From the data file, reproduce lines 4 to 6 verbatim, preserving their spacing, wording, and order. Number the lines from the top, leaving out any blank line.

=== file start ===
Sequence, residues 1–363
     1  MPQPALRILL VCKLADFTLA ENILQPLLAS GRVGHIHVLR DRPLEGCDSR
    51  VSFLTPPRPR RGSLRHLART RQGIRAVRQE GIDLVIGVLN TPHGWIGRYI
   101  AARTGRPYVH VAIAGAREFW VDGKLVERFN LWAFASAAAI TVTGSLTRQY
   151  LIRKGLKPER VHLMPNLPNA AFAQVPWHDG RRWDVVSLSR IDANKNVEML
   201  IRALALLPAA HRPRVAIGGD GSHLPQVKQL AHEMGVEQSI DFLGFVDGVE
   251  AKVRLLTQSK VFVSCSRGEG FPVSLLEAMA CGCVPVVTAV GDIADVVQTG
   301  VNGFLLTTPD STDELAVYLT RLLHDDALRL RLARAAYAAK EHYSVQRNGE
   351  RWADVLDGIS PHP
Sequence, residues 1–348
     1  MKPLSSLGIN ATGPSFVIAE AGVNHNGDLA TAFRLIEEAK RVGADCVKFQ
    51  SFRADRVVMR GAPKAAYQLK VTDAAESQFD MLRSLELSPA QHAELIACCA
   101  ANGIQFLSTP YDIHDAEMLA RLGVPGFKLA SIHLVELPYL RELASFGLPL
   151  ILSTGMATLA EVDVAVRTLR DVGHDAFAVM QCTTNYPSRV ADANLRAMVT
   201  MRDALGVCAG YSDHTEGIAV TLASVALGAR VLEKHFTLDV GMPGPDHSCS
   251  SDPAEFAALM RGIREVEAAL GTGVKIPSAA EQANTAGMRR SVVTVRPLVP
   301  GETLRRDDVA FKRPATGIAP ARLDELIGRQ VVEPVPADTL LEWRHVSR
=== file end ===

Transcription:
   101  AARTGRPYVH VAIAGAREFW VDGKLVERFN LWAFASAAAI TVTGSLTRQY
   151  LIRKGLKPER VHLMPNLPNA AFAQVPWHDG RRWDVVSLSR IDANKNVEML
   201  IRALALLPAA HRPRVAIGGD GSHLPQVKQL AHEMGVEQSI DFLGFVDGVE